For more commentary on this week's readings, see the Reflections on the Lectionary page, which includes Wardlaw's current Living by the Word column as well as past magazine and blog content. For full-text access to all articles, subscribe to the Century.

Of the texts appointed for Sunday, the tenth anniversary of what we now simply call 9/11, the Old Testament reading seems most capable of responding to the range of emotions we may feel as we remember the atrocities of that day.

Many memorials will be observed on this day, and many resources for addressing the anniversary will be made available to us. One piece that I would commend to your attention is Roger Cohen's op-ed from the July 3 New York Times. Cohen recalls a few lines written by E. B. White in 1948, lines that now seem downright prophetic:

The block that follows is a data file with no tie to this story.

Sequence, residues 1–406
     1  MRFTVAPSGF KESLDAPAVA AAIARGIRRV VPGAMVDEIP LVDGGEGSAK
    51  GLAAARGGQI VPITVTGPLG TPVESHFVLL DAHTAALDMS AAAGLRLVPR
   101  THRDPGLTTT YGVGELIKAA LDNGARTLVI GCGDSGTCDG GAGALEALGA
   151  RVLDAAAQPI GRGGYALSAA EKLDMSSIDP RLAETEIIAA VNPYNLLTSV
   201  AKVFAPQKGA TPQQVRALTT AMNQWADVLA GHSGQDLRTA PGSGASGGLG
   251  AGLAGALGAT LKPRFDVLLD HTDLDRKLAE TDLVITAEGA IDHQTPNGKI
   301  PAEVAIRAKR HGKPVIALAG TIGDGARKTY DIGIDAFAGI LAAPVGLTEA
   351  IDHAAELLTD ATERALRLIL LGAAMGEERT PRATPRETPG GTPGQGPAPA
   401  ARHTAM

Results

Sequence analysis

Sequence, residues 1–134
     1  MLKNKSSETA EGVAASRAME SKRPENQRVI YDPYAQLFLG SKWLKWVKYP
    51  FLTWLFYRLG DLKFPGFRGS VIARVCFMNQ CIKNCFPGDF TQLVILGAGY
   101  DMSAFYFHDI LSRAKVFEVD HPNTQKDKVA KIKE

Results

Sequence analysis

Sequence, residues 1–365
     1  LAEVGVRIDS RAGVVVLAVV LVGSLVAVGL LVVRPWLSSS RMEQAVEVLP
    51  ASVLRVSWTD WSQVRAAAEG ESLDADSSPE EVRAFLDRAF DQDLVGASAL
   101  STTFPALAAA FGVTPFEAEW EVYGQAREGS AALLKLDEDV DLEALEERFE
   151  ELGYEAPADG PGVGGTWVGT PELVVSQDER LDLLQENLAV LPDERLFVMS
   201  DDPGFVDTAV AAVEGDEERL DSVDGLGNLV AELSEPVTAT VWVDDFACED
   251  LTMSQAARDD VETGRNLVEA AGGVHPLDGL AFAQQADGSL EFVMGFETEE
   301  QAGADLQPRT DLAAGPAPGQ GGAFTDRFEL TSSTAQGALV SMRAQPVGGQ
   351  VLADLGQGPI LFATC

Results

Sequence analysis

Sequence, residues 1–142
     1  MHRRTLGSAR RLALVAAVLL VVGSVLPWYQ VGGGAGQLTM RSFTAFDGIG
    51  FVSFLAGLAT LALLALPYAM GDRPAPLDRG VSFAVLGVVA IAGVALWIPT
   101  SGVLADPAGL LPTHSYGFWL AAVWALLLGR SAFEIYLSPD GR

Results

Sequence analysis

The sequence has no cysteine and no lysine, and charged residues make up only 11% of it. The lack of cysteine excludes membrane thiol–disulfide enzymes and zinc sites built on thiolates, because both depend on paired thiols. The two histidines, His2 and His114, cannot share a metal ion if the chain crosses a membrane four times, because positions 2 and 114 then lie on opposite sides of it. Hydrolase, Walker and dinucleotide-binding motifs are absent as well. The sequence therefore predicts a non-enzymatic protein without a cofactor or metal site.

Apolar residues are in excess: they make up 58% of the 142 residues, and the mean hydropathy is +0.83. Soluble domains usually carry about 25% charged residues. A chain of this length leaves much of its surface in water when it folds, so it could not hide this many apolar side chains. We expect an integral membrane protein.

A single flight of planes no bigger than a wedge of geese can quickly end this island fantasy, burn the towers, crumble the bridges, turn the underground passages into lethal chambers. The intimation of mortality is part of New York now: in the sound of jets overhead, in the black headlines of the latest edition.

Cohen goes on to reflect on what has happened in that city's psyche over these last ten years, and concludes: "New York has one again. It has come back. America has not." Good grist for the homiletic mill.

Ted Wardlaw

Theodore J. Wardlaw is president and professor of homiletics at Austin Presbyterian Theological Seminary in Austin, Texas.

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